Day 2: What is Food Justice?

Day 2: What is Food Justice? February 19, 2015

What is Food Justice?

It’s a question with which we frequently wrestle, because we are so frequently asked. What we’ve found is that the answer seems to have different nuances in different contexts. The definition takes on different shades as it becomes part of various conversations.

So here are some definitions and thoughts and questions for you to consider, as we embark upon this journey of 40 Days for Food Justice. After you read some or all of them, add your thoughts in the comments section.



In a blog post at Grist, Clair Stanford struggled with her own definition for food justice. She said that she believed she understood what it meant …

“But then, inevitably, someone did ask me to define it. And that’s when I found out that food justice was one of those terms that’s easy to use in a sentence, but not so easy to explain.”

(Click on the Grist link to read more of her blog post.)


Slow Food USA’s Josh Viertel has experience as a farmer that helps shape his understanding of the work of food justice:

“To even stay at the poverty line as a farmer, selling directly to consumers, you have to charge prices which means that your food—which is real food—is completely unavailable to low-income people.”
“It calls on all of us to change the way that we grow and share food in this country, so that we don’t have those kinds of choices anymore.”

(Click on this link to read more of what he had to say.)


Food Secure Canada suggests that we consider some questions about our food system to help understand food justice (and injustice):

“Just think about:
  • who produces the food?
  • who has access to land, and the means of production?
  • who has access to healthy, nutritious, culturally appropriate food and who doesn’t?
  • who suffers environmental injustice?
  • who makes food decisions?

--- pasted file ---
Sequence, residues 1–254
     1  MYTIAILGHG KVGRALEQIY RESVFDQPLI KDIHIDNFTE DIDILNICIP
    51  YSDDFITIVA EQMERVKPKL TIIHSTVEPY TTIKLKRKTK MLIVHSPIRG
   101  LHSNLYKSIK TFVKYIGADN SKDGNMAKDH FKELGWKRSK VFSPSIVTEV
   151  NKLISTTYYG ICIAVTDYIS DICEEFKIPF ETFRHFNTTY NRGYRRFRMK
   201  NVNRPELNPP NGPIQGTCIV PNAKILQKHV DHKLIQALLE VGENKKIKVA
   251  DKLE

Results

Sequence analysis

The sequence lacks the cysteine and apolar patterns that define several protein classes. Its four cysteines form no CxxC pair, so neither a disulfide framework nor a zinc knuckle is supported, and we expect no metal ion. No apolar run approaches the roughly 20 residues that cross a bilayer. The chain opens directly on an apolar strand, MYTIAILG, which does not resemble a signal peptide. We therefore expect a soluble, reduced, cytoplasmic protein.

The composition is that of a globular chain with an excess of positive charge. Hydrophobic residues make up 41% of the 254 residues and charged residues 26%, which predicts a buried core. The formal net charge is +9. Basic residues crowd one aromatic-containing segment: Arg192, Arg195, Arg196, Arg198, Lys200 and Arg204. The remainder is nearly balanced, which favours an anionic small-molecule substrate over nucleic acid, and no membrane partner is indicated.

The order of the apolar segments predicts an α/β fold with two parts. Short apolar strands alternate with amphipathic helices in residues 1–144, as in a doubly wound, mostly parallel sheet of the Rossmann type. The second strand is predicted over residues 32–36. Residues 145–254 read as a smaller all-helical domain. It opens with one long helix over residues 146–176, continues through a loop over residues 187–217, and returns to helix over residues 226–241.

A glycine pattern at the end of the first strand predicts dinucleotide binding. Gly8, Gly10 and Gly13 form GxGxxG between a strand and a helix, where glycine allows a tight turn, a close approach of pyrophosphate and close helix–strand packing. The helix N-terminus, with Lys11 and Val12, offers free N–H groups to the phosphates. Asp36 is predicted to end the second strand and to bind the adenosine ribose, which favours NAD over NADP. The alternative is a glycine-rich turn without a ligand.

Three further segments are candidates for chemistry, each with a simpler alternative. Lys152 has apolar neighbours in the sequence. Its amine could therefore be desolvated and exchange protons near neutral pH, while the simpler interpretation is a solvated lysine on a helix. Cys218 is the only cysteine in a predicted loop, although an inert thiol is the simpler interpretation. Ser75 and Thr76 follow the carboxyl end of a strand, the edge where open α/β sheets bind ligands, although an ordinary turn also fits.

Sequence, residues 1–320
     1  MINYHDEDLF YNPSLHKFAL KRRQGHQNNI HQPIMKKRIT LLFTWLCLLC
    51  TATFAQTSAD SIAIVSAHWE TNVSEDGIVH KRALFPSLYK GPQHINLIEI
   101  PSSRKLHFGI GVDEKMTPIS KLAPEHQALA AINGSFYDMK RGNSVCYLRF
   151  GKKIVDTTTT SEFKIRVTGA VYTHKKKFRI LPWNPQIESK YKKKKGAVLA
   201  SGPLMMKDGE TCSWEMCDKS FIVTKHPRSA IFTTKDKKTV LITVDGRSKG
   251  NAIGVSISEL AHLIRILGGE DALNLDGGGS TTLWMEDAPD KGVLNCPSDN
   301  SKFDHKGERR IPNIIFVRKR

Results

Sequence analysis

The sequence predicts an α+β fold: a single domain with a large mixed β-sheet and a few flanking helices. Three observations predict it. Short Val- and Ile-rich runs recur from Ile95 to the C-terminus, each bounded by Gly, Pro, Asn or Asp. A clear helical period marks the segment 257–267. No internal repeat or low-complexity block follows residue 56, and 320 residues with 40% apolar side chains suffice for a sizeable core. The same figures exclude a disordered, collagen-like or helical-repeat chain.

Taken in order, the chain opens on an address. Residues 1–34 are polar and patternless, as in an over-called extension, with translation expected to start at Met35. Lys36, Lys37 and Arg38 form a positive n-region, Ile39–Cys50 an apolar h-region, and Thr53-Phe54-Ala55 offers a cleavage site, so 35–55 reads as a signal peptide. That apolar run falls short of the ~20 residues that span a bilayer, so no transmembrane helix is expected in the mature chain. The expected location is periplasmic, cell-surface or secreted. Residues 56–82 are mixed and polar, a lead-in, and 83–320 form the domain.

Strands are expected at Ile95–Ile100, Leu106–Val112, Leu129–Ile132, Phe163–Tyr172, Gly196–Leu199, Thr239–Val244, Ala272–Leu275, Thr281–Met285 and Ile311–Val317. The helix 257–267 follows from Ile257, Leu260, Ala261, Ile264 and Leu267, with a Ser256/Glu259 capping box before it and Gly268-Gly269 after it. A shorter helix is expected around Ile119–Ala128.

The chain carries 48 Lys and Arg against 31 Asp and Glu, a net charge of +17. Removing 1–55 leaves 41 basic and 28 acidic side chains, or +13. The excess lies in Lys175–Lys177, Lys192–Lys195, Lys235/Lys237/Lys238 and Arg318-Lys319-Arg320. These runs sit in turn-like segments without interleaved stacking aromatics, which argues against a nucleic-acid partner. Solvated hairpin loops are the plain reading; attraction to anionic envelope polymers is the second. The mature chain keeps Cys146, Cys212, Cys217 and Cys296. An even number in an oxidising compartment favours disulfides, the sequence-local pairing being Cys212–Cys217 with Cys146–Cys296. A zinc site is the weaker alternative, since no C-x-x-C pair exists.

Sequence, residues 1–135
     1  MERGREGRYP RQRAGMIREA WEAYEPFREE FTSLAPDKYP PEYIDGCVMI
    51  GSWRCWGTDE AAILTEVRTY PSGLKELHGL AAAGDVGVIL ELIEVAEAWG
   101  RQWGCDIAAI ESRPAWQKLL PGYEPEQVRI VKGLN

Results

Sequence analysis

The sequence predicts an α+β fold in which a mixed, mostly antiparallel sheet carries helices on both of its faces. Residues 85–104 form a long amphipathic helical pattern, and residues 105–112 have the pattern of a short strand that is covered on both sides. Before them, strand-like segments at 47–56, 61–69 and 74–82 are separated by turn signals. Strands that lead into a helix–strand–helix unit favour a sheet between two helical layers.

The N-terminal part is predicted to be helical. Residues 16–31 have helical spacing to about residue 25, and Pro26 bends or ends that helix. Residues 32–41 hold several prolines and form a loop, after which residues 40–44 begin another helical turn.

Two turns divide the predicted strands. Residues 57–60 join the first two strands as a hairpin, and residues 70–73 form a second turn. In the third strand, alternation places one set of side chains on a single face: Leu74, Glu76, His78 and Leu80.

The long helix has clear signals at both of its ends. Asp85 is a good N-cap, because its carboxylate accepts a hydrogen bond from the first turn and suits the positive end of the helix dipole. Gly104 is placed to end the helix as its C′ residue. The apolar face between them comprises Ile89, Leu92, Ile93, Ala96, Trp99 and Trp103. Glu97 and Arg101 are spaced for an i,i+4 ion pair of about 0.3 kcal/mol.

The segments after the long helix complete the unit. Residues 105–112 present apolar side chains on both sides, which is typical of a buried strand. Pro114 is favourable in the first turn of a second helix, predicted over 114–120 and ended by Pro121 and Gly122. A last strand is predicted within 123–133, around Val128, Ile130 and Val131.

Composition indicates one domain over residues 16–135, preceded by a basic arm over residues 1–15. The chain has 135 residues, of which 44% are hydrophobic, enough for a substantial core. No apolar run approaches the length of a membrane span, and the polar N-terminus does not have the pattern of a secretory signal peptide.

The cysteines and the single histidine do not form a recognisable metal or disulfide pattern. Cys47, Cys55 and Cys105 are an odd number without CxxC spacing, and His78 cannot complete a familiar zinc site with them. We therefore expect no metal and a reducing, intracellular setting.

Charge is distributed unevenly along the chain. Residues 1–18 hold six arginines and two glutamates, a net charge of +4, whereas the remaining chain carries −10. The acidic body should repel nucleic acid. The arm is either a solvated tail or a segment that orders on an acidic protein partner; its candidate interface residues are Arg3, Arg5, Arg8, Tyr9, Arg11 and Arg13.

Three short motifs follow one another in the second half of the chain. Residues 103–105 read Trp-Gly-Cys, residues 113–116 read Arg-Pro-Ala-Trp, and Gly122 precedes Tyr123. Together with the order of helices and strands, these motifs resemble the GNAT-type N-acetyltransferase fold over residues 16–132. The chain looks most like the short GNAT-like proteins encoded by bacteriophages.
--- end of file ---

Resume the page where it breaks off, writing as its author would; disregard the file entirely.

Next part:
• how has colonialism affected our food system and traditional livelihoods?
  • what type of food is produced?
  • what knowledge is valued and which isn’t?
Examining these questions is key to dismantling the injustices in our food systems.”


Here’s a definition from the Northeast Organic Farming Association of New York:

“A truly sustainable food system is generally defined as one that is economically viable, environmentally sound, and socially just.  This has implications not only for how the food is produced but, ultimately, who has access to food that is free from dangerous pesticides, hormones, and additives which contributes to the thriving of local economies and ecologies.”

(Click here to read more.)


And one from the Community Food and Justice Coalition:

“The Community Food and Justice Coalition promotes the basic human right of access to healthy food. We take a holistic and systemic approach to creating a food system that is equitable, environmentally and economically sustainable, and community-driven.”

(Click here to read more.)


What do you think of Ayinde Howell’s statement:

“Someone once asked me what does the term food justice mean to me. Without thinking I said, “It means having a choice.” Being able to choose to live a healthy life is often taken away from certain members of society.”

(Click here to read more.)


Do these offerings help you to understand the term “food justice?” Or perhaps they do just the opposite? After reflecting on these statements, add your thoughts in the comments section and tell us: What is food justice?



Lenten Calendar


PAY ATTENTION!  Make a list of everything you eat and drink today. Donate a dime for each thing on your list.





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We need your stories!

We’re already looking ahead to the 40 Days for Food Justice Project for 2016 and we’re looking for more stories, experiences, prayers and resources about food justice and food injustice. 
If you would like to contribute – or would like to recommend a contributor – please send us an email and let us know.



In addition to being the founder and editor-in-chief of the “40 Days for Food Justice Project”, the Rev. MargaretAnne Overstreet is a mom, a Presbyterian pastor, and a certified Health Coach. She does ministry with and among the good people of Westminster Presbyterian Church in Belleville, Illinois, where she gets her hands dirty in the community garden and, every Sunday, preaches with bare feet. She treasures family time, relishes every opportunity to teach and write about food justice, and loves to play outside with her dogs. Find out more about her at



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